The Chinese History Encyclopedia, published in 2000, and the most authoritative Chinese dictionary published in 1999 both describe Goguryo as a country on the Korean Peninsula, it was confirmed on Aug. 15.
The Chinese History Encyclopedia is a vast book of 3,502 pages in two volumes using the basic records of Chinese history and written by 780 historians belonging to the Social and Science Institute under the Chinese State Administrative Council and other institutions. Maps in Volume II indicates Goguryo as a nation outside Chinese territory on no fewer than seven occasions.
In particular, in a map of the Song-Wei era (A.D. 449), when China was divided into the Wei dynasty in the North and the Song dynasty in the south, the Wei dynasty’s territory stops at the Liaohe of Liaodong peninsula with Goguryo being identified as a separate country beyond the border and comprising the entire Liaodong peninsula as well as the northern half of the Korean peninsula.
The Goryo section on page 2505 of Volume II also states: It (Goryo) also goes by the name of Goguryo. It was founded by Jumong with Pyongyang as its capital and its territory comprising the northern part of the present Korean peninsula. It became powerful after 4th century A.D., vying for supremacy with Shilla and Paekche. During the late Sui dynasty and the early Tang dynasty, China and Goguryo fought with each other on several occasions, while also lived peacefully together at other times.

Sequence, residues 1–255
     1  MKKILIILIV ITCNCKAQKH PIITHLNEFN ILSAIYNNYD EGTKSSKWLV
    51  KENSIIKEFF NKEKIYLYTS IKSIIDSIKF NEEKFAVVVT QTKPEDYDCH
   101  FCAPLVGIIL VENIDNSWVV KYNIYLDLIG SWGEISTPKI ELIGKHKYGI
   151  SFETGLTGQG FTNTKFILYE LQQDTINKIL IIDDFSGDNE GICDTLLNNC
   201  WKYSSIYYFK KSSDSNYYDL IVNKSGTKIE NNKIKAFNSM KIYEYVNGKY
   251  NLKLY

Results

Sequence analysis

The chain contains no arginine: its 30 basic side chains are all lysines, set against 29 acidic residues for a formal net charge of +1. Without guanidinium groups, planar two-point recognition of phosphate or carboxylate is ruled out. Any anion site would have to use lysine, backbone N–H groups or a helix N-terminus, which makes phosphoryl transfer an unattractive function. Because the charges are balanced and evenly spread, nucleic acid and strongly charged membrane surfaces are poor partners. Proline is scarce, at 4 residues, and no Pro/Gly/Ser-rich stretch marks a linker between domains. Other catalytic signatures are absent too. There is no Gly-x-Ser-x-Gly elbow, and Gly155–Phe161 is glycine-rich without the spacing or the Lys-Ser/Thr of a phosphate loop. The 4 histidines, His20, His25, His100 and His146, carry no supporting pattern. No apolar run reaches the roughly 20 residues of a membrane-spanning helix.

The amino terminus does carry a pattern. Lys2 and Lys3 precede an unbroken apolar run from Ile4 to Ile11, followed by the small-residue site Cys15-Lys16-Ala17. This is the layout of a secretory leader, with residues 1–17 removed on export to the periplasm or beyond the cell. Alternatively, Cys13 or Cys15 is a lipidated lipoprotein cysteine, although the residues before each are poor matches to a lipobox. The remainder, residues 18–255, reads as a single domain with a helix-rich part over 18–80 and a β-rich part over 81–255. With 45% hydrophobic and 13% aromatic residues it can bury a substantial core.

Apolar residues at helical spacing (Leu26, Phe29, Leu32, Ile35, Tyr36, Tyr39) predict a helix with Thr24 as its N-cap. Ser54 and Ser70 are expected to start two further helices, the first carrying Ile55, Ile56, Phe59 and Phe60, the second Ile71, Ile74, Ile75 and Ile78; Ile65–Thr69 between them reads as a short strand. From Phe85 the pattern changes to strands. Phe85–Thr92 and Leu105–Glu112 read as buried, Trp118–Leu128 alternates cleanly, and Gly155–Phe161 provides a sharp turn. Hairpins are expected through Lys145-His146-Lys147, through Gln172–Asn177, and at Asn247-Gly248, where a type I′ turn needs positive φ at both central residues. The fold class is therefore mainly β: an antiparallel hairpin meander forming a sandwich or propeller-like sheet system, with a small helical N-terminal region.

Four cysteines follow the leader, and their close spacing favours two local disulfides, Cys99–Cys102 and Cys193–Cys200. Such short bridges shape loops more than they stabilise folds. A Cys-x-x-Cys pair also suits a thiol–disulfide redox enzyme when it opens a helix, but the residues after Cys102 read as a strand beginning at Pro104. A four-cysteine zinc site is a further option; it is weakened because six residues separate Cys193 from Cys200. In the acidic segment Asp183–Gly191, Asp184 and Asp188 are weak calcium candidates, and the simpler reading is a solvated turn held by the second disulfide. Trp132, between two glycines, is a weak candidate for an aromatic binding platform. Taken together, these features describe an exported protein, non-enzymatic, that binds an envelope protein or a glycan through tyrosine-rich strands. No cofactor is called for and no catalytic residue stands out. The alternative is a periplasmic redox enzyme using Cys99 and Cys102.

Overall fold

In China’s most authoritative dictionary, too, Goguryo is clearly described as an ancient country of Chosun. In the Goguryo section on page 5788 in Volume III of the three-volume dictionary, published in 1999 by 554 scholars, it states: It is called Goguryo, Guryo or Goryo. As an ancient country of Chosun, it conquered the land of the Nakrang Army in the south.
Later Paekche and Shilla rose producing the period called the three-kingdom era in the history of Chosun. In the King Gwanggaeto section on page 2399 of Volume II, the book describes the king as the king of Goguryo of Chosun (392-413). His penname was Great King of Youngrak.
By Choi Gang (email@example.com)